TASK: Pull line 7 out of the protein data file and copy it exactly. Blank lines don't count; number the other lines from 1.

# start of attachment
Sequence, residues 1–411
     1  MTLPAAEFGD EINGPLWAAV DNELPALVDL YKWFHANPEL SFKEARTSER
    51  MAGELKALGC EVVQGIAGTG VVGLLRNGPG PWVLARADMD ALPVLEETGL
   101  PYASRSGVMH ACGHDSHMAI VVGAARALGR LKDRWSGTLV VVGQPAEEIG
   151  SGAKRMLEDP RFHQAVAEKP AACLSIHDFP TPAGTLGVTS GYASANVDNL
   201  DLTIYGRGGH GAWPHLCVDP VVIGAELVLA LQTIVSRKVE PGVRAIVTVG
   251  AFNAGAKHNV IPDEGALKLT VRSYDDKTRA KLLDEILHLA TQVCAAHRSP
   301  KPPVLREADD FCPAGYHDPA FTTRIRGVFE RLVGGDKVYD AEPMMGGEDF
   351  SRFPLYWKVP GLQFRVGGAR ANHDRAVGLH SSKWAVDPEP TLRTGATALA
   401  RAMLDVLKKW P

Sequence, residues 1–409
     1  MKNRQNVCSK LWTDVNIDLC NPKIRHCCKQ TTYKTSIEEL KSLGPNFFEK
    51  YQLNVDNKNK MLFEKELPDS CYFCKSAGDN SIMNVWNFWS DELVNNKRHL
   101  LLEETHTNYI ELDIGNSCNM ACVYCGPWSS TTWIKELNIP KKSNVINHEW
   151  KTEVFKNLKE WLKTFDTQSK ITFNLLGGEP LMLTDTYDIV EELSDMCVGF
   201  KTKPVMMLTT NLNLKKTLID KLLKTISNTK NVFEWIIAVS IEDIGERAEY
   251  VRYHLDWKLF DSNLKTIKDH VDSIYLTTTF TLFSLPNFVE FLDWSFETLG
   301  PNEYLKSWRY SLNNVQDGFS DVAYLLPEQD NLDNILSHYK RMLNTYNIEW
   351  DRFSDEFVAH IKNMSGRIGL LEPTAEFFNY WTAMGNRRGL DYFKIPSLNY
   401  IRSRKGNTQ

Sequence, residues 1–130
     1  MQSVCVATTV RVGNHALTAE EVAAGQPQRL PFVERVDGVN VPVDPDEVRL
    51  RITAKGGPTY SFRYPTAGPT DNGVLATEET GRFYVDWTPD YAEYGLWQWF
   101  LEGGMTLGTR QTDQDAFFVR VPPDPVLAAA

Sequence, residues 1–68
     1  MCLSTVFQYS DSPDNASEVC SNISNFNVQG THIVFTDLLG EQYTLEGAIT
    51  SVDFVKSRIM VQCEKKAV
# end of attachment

   251  AFNAGAKHNV IPDEGALKLT VRSYDDKTRA KLLDEILHLA TQVCAAHRSP